Since 1 January 2022, taxpayers in Spain have had to pay tax on the “reference value” of their real estate acquisitions, which is a value approved by the Directorate General of the Cadastre (an administrative body within the Spanish Treasury Ministry). There is increasing concern about its use given that, in some cases, the reference value could be considerably higher than the market value and it will be difficult to challenge it under the new regulations.
What is the reference value?
The reference value is intended to objectively determine the “market value” of a property in Spain, based on factors such as the average prices reported by Spanish notaries public for the sale and purchase of properties with similar characteristics.
The reference value has therefore become the cornerstone for calculating certain Spanish taxes, such as Transfer Tax and Stamp Duty (Impuesto sobre Transmisiones Patrimoniales y Actos Jurídicos Documentados), Inheritance and Gift Tax (Impuesto sobre Sucesiones y Donaciones) and Wealth Tax (Impuesto sobre el Patrimonio).
However, the taxable base of Transfer Tax is still the “market value” of the property. The real change is that the “market value” that taxpayers must declare is now this “objective” market value introduced by the Spanish government with the stated aim of reducing the number of disputes and litigation about the “market value” declared by taxpayers.
But would this “market value” not just be the purchase price agreed between independent parties acting at arm’s length? It would appear not, as the reference value has become a de facto minimum taxable base for Spanish transfer and property taxes. In fact, the new approach creates greater confusion as taxpayers are obliged to declare a taxable amount for Transfer Tax that is the higher of (i) the consideration agreed between the contracting parties (which one may assume should reflect the market value) and (ii) the reference value. But the regulations also state that the reference value should be equal to or below the market value and therefore the market value is still the threshold for calculating property-related taxes.
So, what has really changed as a result of the reference value being introduced?
There are multiple implications and consequences, but at least two should be kept in mind in relation to real estate transactions in Spain.
First, the burden of proof has been reversed and this fundamentally changes the way in which these transfer and property taxes work. Before the change, it was the tax authority that initiated a procedure to verify whether or not the value declared by the parties was the market value. Now, it is the other way around: taxpayers are obliged to pay tax based on the reference value, even if this is higher than the consideration paid to acquire the property, and it is up to the taxpayers to evidence that the reference value is higher than the market value. This is likely to discourage taxpayers from challenging the reference value as they will incur costs and have no certainty that their challenge will be successful.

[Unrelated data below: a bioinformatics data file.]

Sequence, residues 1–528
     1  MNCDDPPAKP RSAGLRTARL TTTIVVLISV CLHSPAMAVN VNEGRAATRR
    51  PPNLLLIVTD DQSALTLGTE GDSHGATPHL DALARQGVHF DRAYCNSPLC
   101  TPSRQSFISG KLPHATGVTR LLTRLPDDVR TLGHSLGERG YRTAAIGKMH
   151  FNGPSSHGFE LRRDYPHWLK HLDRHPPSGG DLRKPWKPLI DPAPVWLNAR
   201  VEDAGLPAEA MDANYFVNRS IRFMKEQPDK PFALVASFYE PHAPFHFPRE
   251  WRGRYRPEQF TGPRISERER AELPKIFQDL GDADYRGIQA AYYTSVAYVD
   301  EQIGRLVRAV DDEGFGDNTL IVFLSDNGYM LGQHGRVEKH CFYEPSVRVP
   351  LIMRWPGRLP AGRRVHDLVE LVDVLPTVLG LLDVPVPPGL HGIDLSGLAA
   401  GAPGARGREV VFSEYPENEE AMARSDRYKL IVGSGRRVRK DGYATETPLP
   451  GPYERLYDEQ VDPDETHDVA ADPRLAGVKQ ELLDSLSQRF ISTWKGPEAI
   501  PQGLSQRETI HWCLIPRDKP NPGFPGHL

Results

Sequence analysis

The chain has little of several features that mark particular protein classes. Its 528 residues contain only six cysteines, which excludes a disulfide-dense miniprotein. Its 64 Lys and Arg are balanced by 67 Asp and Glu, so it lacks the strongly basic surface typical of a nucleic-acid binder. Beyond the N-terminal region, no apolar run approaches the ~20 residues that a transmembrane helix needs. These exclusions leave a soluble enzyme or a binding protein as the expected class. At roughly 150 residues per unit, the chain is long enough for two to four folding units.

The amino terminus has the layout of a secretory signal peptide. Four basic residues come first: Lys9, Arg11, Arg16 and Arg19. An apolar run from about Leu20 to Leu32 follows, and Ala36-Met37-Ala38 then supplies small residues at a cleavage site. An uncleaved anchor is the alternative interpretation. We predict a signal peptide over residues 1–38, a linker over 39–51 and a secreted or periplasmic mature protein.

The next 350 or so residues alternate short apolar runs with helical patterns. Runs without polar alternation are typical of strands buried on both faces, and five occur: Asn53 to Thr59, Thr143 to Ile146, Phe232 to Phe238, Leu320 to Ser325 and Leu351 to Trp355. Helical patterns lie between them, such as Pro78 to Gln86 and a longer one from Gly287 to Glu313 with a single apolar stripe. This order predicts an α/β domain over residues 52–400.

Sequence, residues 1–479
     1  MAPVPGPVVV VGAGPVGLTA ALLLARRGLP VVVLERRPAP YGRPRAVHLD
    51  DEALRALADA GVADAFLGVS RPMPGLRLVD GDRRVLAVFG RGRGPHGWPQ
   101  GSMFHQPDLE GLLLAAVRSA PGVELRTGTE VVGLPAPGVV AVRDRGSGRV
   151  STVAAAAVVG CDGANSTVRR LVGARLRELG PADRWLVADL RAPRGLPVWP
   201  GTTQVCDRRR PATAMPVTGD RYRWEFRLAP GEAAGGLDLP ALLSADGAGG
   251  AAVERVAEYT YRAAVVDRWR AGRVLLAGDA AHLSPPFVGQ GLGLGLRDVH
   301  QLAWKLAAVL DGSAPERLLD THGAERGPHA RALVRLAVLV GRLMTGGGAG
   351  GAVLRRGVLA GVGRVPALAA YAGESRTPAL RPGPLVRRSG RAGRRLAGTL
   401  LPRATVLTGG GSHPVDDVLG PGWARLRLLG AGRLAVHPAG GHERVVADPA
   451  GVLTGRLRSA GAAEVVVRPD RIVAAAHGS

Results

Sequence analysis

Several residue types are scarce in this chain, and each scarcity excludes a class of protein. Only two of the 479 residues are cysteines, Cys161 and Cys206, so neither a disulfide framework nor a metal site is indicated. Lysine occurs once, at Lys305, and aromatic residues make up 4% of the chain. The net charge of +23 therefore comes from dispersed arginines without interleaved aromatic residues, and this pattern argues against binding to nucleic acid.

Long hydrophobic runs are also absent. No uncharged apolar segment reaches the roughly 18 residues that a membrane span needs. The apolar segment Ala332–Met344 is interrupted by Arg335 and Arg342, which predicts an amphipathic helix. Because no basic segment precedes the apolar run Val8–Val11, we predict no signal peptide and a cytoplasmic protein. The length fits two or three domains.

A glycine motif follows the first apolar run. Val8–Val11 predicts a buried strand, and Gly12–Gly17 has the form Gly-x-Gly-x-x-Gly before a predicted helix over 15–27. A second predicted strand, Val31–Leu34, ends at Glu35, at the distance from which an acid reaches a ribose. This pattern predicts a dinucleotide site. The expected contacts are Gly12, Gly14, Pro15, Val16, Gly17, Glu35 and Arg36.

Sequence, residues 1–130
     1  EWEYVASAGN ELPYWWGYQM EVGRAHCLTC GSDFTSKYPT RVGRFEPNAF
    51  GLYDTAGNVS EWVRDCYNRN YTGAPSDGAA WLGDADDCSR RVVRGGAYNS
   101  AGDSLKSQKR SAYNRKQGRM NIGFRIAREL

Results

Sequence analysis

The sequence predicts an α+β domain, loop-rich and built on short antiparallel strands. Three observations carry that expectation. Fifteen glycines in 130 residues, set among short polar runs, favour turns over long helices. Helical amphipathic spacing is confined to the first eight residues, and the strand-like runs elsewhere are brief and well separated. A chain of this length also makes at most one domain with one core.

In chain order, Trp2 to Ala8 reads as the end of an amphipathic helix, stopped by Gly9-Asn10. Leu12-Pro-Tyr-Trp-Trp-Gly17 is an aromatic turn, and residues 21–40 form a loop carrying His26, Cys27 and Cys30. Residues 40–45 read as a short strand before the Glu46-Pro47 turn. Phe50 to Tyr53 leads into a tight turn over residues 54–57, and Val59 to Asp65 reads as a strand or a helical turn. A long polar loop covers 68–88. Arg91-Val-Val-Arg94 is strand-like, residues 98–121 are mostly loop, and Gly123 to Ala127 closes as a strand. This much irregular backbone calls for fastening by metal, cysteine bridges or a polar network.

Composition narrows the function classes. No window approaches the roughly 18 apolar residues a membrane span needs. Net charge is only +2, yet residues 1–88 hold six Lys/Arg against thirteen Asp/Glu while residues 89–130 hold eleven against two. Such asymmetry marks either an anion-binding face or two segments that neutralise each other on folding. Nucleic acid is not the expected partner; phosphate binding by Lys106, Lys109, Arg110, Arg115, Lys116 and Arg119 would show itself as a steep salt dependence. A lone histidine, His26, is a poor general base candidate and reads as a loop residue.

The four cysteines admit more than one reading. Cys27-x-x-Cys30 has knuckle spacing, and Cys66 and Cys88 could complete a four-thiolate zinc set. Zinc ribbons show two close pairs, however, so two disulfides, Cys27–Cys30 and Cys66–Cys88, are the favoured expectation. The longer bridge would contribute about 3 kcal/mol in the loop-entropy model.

Second, it appears that taxes must - at least initially- be declared and paid based on the reference value. To date, the Spanish General Directorate of Taxation has issued binding tax rulings (e.g. V0298-22, V0453-22 and V0690-22) indicating that it is irrelevant whether there is clear evidence that the price paid (rather than a higher reference value) represents the market value. Taxpayers must first declare the reference value (and pay taxes calculated on the basis of that value) and could only then challenge the reference value on the basis that it does not reflect the actual (lower) market value. If they do not first declare the reference value, taxpayers are likely to be fined.
The binding tax rulings issued to date on this matter also refer to specific circumstances that determine objective market values and regulations setting property prices. This would be the case for social housing with a maximum purchase price, or seized properties sold at auction subject to a minimum purchase price (which is generally higher than the market value in order to protect debtors).
Another scenario in which the same concern arises is in large REO or NPL portfolio transactions as, in our experience, the reduction or discount inherent in these transactions would not be taken into account in the individual reference values, resulting in higher costs.
While this introduction of a “reference” value to guide “market” value transactions could prove to be a lost opportunity in terms of increasing legal certainty, a more flexible system would undoubtedly have been preferable as there are various circumstances and factual elements that in practice impact on a property’s market value. These circumstances should have been taken into account instead of forcing taxpayers to invest time and money to protect their legitimate interests by challenging the “objective” value of their properties.